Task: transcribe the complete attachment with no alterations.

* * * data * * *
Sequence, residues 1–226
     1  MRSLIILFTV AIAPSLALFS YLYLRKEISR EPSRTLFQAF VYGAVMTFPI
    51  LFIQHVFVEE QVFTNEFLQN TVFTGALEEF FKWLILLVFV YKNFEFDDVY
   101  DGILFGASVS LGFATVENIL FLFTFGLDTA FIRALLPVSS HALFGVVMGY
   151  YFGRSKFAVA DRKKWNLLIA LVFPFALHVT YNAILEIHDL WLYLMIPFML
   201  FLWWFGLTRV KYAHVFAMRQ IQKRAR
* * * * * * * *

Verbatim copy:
Sequence, residues 1–226
     1  MRSLIILFTV AIAPSLALFS YLYLRKEISR EPSRTLFQAF VYGAVMTFPI
    51  LFIQHVFVEE QVFTNEFLQN TVFTGALEEF FKWLILLVFV YKNFEFDDVY
   101  DGILFGASVS LGFATVENIL FLFTFGLDTA FIRALLPVSS HALFGVVMGY
   151  YFGRSKFAVA DRKKWNLLIA LVFPFALHVT YNAILEIHDL WLYLMIPFML
   201  FLWWFGLTRV KYAHVFAMRQ IQKRAR